LESSON LEARNED (May 13)


Our Fred W. Eberle Technical Center (FETC) Administrative Council met April 13 for our scheduled meeting. We have much to be grateful for including a successful review audit of our accounting practices by the West Virginia Department of Education. Having a carefully run school helps our students get a great career and technical education. This has been a chaotic year due to the Coronavirus Pandemic. I once heard what the appearance of a duck swimming in a pond looks like. It is similar to a well-run school—a quiet appearance above the surface of the water, but webbed feet below the surface beating like crazy. At FETC, we have a calm exterior but much activity behind the scenes.

Recently, our students participated online in skills competition with other students across the state. We did exceptionally well. The winners are:

Cedric Grace - gold medal in Electrical Construction Wiring

Tyler Dunn - silver medal in Electrical Construction Wiring

Natasha Quinn - silver medal in Esthetics

Emily Smith - bronze medal in Cosmetology

Jordan Wills - silver medal in Information Technology Services Postsecondary

Christopher Burkhammer - silver medal in Information Technology Services Secondary

Sean Fitzsimmons - silver medal in Carpentry Postsecondary

Michael Rile - silver medal in Carpentry Secondary

As I observe the students interacting with their teachers, I see superb mentoring occurring. As in learning medical procedures, which I well remember from medical school, the custom is to observe first, perform under supervision, and finally perform alone with the teacher observing. A patient demeanor by the mentor makes all the difference. I see that our teachers want what is best for our students. They offer a reassuring presence. When I walk from class to class, I am struck by how calm each class appears.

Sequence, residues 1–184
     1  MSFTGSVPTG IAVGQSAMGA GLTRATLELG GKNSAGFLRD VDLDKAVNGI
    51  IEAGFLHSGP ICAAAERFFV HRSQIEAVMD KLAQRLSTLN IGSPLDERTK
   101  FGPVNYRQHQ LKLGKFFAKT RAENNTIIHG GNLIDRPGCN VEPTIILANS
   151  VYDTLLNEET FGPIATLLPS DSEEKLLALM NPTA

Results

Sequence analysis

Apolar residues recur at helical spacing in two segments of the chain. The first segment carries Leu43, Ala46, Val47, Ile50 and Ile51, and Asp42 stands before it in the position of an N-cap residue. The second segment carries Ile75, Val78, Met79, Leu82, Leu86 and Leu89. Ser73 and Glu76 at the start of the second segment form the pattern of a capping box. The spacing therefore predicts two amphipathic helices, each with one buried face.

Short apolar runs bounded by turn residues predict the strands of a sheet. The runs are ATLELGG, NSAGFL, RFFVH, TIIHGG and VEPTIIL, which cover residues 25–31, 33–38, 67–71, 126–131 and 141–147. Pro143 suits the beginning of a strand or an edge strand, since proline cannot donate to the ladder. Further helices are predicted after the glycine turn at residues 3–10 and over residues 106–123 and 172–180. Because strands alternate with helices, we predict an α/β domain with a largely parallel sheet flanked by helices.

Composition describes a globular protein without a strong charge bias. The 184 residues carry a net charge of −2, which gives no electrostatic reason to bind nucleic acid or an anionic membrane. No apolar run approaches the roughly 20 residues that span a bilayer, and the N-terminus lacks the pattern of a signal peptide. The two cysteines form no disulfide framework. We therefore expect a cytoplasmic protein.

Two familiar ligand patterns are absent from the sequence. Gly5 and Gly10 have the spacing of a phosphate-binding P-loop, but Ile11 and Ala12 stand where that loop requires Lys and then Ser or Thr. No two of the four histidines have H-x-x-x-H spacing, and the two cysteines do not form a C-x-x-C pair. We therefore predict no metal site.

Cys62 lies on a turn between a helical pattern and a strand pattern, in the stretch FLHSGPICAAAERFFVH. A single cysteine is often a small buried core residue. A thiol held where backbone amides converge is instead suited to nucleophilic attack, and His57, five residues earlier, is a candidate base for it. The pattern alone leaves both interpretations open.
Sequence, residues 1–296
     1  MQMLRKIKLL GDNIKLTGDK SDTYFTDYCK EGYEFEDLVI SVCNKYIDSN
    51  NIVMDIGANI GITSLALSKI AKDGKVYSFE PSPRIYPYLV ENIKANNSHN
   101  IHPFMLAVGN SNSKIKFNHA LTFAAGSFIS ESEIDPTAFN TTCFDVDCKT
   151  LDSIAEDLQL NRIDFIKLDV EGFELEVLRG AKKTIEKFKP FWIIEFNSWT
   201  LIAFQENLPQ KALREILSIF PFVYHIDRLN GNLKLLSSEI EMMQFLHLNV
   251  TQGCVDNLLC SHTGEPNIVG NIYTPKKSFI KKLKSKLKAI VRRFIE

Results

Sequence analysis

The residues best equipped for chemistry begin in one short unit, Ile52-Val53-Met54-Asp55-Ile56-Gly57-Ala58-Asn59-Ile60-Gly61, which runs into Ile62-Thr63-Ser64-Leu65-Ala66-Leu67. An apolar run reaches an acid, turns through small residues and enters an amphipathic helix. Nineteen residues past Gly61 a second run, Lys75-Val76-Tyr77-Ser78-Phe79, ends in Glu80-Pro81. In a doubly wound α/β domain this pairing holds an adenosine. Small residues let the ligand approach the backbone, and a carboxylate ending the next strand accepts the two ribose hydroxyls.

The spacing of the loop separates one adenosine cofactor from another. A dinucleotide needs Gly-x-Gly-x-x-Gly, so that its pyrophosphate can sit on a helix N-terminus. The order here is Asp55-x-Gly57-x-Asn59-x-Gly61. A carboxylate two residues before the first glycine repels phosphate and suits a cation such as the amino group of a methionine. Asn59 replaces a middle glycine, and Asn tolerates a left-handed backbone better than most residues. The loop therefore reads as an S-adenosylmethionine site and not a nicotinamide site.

We have had too little face-to-face teaching in our regular classrooms, but much more opportunity here at FETC. Director Rebecca Bowers-Call discusses a “summer vocation” in lieu of a “summer vacation” as an extra-mile chance for more skills training to gain full proficiency. She reports school visits allowing future students plenty of opportunity to sign on for next year. And we plan an outdoor graduation to be held at the Barbour County Fairgrounds on May 18, 2021.

Again, I see exquisite awareness that we are making a way where there has been no way for our students to overcome social determinants of limiting health and well-being, particularly overcoming poverty by acquiring career technical education. What motivates the staff at FETC is that personal satisfaction in helping students advance and fulfill their dreams. Success for those serving on the administrative council is wanting what our students want for themselves. On May 18, we will join family and friends saluting a very important milestone.

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